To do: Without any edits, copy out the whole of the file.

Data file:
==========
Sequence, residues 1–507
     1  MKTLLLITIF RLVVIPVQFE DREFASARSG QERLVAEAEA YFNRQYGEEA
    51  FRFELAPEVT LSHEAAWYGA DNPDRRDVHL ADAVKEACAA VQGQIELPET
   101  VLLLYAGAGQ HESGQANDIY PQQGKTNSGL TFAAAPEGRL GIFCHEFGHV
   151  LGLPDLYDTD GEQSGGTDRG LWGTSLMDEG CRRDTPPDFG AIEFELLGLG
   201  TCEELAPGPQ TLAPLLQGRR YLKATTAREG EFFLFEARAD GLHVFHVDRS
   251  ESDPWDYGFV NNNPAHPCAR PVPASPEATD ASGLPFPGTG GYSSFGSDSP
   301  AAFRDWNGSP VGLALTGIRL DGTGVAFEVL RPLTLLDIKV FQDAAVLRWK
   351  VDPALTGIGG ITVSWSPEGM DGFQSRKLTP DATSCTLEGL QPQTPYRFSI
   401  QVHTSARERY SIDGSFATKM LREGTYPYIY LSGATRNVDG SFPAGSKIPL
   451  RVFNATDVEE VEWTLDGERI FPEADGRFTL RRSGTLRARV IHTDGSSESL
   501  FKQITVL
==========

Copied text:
Sequence, residues 1–507
     1  MKTLLLITIF RLVVIPVQFE DREFASARSG QERLVAEAEA YFNRQYGEEA
    51  FRFELAPEVT LSHEAAWYGA DNPDRRDVHL ADAVKEACAA VQGQIELPET
   101  VLLLYAGAGQ HESGQANDIY PQQGKTNSGL TFAAAPEGRL GIFCHEFGHV
   151  LGLPDLYDTD GEQSGGTDRG LWGTSLMDEG CRRDTPPDFG AIEFELLGLG
   201  TCEELAPGPQ TLAPLLQGRR YLKATTAREG EFFLFEARAD GLHVFHVDRS
   251  ESDPWDYGFV NNNPAHPCAR PVPASPEATD ASGLPFPGTG GYSSFGSDSP
   301  AAFRDWNGSP VGLALTGIRL DGTGVAFEVL RPLTLLDIKV FQDAAVLRWK
   351  VDPALTGIGG ITVSWSPEGM DGFQSRKLTP DATSCTLEGL QPQTPYRFSI
   401  QVHTSARERY SIDGSFATKM LREGTYPYIY LSGATRNVDG SFPAGSKIPL
   451  RVFNATDVEE VEWTLDGERI FPEADGRFTL RRSGTLRARV IHTDGSSESL
   501  FKQITVL